Random Acts of Kindness Day + Free Book!

Kindness, and a FREE BOOK! If you get your free copy, don’t forget to give it a fair review after reading.

Stevie Turner

Did you know that Wednesday 17th February is ‘Random Acts of Kindness Day’ in the UK? Even if you’re not in the UK you could spread some positivity today and make somebody smile, give a donation to charity, or you could even collect somebody’s medication who is self-isolating… the possibilities are endless.

I’ve already done my bit this morning. A woman I’ve often seen while walking around the village said hello as we approached each other from different directions. We started to chat, and in the end I had recommended my dentist to her as she was looking for a dentist who carries out sedation. She was overjoyed to have found just what she was looking for by stopping to pass the time of day with a relative stranger. She couldn’t thank me enough, and went on her way quite happily.

So… I’ll carry on with the kindness today. I…

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The kindness of strangers

When I lived in London, I soon learned to avoid people sitting in the street. I became adept at walking over figures slumped in doorways, or averting my gaze from the sad stare of a man sitting on the pavement. In the centre of that city, such people were everywhere, it seemed. Become engaged with them, and you never know what to expect. Perhaps a request for money, or the need to summon assistance for their medical problem, or dilapidated condition. You keep walking, don’t look directly into their eyes, and you get on with your own busy life, dealing with the problems that matter to you. If this seems unkind, I can offer no explanation other than that is what we did, devoid of conscience.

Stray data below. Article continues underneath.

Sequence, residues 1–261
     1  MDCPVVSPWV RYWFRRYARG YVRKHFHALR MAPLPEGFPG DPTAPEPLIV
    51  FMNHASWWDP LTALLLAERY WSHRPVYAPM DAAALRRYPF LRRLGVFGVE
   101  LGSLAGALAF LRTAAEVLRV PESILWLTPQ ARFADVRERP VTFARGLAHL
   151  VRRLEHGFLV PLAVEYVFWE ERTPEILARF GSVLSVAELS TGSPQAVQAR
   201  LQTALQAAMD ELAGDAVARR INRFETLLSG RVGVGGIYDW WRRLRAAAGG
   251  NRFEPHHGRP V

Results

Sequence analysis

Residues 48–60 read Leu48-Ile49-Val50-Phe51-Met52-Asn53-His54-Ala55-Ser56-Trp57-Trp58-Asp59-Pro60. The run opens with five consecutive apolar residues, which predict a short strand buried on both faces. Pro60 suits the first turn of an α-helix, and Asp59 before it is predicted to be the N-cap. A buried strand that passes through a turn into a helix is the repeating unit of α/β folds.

There are exceptions of course. An old lady, fallen over and injured, will soon attract a crowd of those offering to help; telephoning for an ambulance, or using their first-aid skills. A lost child will usually find themselves being asked if they are alright, with someone sure to help reunite them with their parents, or escort them to the safety of a passing police officer. However, an adult male sitting slumped on a bench, looking fed up or depressed, will generally be given a wide berth.

Yesterday, I was out walking with Ollie as usual, and ventured over onto Hoe Rough. After steady rain, the ground was once again muddy and wet, making walking difficult, and more tiring than usual. After I had been trudging around for over an hour, I felt that I needed to rest, so headed to the wooded dell, where I know that I can find a convenient tree branch on the ground. I was sitting there for a good ten minutes, low to the ground, hunched against the persistent drizzle. Ollie was nearby, running around and sniffing, as is his habit. I sat there, mind whirring, thinking about lots of things as I leaned forward, elbows on my knees.

I was suddenly startled by someone calling to me from the path. I looked up, and saw a man with a large Boxer dog, which he was walking on a lead. “Are you all right?” He asked again. “I saw your dog on its own, and then noticed you slumped on that tree. I thought that you might be unwell, or have injured yourself.” I assured the man that I was just resting, and thanked him for his concern. He walked off, giving me a cheery wave as he left.

That got me thinking.

Is it just different in rural Norfolk, or is he simply a better person than I am?